Ianto grinned and closed his book. “Yes, Sir.” He stood and slid the book back onto the shelf. “You’d better go too, Sir or you’ll be late and I’ll have to give you extra marking.”
Mr Williams laughed and turned. “Four minutes now, Mr Jones.”
Ianto liked Mr Williams. He was all right.
He got through the morning at school okay. After maths, there was science, which was all right. He’d learned back in year eight what happened if he answered questions so he kept his mouth shut, unless it was to crack a joke. If he was funny sometimes and kept his head down the rest of the time, he could survive.
He had P.E. in the afternoon and he was not keen to stay for that. So, at lunchtime, when the canteen was full of chattering students stuffing their faces, he sneaked out and made his way into Cardiff. He could hang out for a couple of hours round the shops, then catch his usual bus home.
He never got caught sneaking out. He knew the best corridors to go down, which gate to exit by and how to walk with confidence. As he walked, he put his hand in his pocket and held onto his blue orb. It was heavy and comforting in his hand. When he held it, it made him feel like he was remembering something. It made him think of walking by the sea with his mam. It made him think of being held, of being loved and protected. It reminded him of how he felt when reading, like he was discovering whole new worlds and new information.
He didn’t have any money but he wandered through the shops regardless. He wanted some new jeans but his Da said he had more than enough, especially while he had to wear his uniform five days a week.
He went into GAP. He loved the jeans in here but they were well out of his price range. He didn’t even have a fiver to spend. All he had was his bus money. He hesitated by a pair of dark blue skinny jeans. He ran his hand over them. He could just stick them in his school bag and run for it. He could run fast. That fat security guard would never catch him.
He eyed the security guard. He was fat and bound to be slow but…he did have muscles on him. If he did manage to catch Ianto, he might get rough with him. Ianto had no wish to be manhandled by a stranger. He had to admit to himself that he didn’t have the guts to nick something that big.
He left the jeans behind and left the shop. Maybe he could start with nicking sweets. Not to eat himself but to pass around the playground. He could get away with nicking sweets. He had done before. Nobody ever paid attention to the pick and mix.
He went into the newsagents. It was quiet, being early afternoon. A little old lady stood behind the counter. She smiled at him. There was pale pink lipstick on her dentures.
“Good afternoon, young man.”
Ianto fiddled awkwardly with the hem of his blazer. “Hi.”
“Shouldn’t you be in school, young man?”
Ianto restrained his scowl. Why did adults have to refer to him as ‘young man’ all the time? It made him feel about five years old. “I had a doctor’s appointment. No point in going back to school now.”
“So, you were a good boy at the doctors then? And now you’re getting rewarded with sweeties.”
He held back his wince and put on his friendliest smile. “Yeah. Something like that.” He glanced around and saw that the drawer of red laces was empty. “You out of red laces? They’re my favourites.” He kept smiling, attempting to look sweet and innocent.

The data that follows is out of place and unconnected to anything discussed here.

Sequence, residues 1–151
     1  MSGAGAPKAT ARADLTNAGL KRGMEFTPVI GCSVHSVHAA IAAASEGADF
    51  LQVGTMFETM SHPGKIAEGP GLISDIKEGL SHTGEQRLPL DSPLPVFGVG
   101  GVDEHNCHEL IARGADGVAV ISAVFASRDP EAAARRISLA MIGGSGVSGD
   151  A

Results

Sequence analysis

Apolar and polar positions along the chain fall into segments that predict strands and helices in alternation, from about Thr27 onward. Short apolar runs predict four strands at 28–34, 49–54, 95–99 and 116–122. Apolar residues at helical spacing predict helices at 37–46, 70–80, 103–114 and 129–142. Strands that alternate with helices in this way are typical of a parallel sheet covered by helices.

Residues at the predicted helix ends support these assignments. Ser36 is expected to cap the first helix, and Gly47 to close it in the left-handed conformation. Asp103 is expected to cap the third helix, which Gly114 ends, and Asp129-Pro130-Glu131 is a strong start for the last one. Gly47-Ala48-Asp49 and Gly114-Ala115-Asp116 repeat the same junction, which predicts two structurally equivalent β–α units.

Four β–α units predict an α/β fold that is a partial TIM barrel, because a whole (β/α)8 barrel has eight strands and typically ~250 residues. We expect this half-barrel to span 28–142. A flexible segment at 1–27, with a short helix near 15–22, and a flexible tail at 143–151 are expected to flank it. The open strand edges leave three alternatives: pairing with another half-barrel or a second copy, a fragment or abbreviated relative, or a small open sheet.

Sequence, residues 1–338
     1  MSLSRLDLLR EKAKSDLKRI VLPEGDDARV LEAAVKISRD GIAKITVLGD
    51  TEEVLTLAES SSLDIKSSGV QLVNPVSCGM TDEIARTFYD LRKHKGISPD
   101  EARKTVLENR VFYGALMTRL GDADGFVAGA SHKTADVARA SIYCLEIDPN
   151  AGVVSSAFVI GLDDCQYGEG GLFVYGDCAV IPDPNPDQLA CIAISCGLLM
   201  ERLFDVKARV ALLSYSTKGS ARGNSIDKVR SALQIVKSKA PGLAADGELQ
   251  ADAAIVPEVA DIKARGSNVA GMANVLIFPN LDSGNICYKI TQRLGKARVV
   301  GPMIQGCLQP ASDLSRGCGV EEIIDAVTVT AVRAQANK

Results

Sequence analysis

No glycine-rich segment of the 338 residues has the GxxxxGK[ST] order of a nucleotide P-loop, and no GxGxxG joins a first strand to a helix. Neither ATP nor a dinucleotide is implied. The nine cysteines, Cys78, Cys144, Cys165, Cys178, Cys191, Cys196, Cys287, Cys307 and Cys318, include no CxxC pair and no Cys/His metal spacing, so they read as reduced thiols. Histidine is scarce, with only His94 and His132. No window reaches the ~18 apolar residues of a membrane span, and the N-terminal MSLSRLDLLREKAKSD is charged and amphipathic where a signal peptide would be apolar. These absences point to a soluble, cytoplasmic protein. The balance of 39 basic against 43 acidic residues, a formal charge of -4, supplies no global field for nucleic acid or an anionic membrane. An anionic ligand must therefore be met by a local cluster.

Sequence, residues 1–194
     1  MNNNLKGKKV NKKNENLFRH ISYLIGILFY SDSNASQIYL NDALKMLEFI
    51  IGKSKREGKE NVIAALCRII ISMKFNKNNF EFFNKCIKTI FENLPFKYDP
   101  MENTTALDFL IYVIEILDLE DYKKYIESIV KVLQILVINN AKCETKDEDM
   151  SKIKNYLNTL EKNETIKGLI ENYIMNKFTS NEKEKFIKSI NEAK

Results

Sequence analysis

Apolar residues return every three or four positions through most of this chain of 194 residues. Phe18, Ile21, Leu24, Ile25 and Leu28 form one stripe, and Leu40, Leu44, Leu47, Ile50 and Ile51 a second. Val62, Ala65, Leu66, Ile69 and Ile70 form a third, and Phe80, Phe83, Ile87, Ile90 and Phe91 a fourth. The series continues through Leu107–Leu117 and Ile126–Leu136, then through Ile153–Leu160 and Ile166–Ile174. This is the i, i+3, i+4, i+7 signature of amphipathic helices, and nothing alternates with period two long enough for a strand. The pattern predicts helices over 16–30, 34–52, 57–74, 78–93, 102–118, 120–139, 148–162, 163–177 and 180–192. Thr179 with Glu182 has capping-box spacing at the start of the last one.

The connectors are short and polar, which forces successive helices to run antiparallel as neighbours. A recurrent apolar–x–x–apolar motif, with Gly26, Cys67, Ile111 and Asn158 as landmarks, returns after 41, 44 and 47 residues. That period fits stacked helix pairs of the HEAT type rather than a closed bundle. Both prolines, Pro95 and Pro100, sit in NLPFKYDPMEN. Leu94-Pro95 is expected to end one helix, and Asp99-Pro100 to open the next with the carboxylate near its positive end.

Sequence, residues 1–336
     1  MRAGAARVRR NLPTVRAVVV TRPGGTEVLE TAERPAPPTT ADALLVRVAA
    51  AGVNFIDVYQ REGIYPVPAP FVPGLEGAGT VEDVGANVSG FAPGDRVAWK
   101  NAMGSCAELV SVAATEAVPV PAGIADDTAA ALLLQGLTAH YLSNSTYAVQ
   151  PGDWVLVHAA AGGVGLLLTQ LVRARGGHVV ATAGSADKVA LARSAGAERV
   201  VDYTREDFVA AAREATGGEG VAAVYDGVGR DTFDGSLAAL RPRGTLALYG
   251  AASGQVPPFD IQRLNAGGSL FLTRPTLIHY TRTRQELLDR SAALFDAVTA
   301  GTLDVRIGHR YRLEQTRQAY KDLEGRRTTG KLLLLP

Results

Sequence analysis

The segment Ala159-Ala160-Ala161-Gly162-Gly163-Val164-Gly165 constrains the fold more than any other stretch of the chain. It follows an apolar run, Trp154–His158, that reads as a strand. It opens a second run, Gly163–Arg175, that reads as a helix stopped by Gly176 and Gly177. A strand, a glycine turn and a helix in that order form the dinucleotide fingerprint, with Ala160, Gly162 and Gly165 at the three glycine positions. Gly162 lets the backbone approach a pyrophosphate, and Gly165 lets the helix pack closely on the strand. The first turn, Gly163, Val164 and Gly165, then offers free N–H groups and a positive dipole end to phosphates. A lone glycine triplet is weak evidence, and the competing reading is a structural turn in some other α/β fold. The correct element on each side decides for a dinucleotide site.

She beamed at him. “I’ll go and look in the back for you, my love. Can’t have you going without.”
“Thank you, ma’am.”
She bestowed another smile on him, then turned and went into the back. Ianto glanced around, just to make sure there were no cameras, then grabbed packets of Jelly Babies, chocolate éclairs and liquorice allsorts. He peered around the counter. She still wasn’t back. He stretched his hand behind the counter and grabbed three packets of Richmond cigarettes and a lighter, then turned and ran. He was well away before she returned.
He legged it down streets until he found himself alone in a deserted street. He stopped and leaned against the rough brick wall. His heart was pounding and thrills went through him. He felt on top of the world, like he could jump and shout. There was nothing like taking a risk and getting away with it.
He took out one of the packets of cigarettes. There was no one here to stop him. He slid open the cellophane wrapping and opened the top of the packet. He took out a cigarette and the lighter. He’d only smoked those two times when fags had been passed round the playground behind the teachers’ backs.
He lit it and inhaled deeply. The smoke went right inside him, pounding through his blood. It felt good. But strange. He put his free hand in his pocket and cupped the orb. As he puffed on his cigarette, he rubbed his thumb over the smooth surface. He closed his eyes and enjoyed the silence and the stillness.
As he stroked the orb, it began to feel warm. His thumb starting feeling hot. He took his hand out of his pocket and frowned at his thumb. It wasn’t burning, just tingling with warmth. It felt strange.
Suddenly a shock went through him, like when he was seven and, after a bath, had stuck his toe in a socket to find out what would happen.
It lasted only a couple of seconds. He shook off the pain and straightened up, glancing around for anything which could have caused it. There was nothing. He felt strange. His head swam and his entire body tingled. Trying to calm himself, he took one last drag on his cigarette then put it out. He took out his blue orb. It glowed a little at him. He breathed deeply and felt a little calmer as he held his orb close to his chest.
He put a hand to his stomach. He felt sick suddenly. It was early but he could head home. His Da would still be at the shop until five. He stuffed the stolen sweets and cigarettes at the bottom of his bag, then caught the bus home.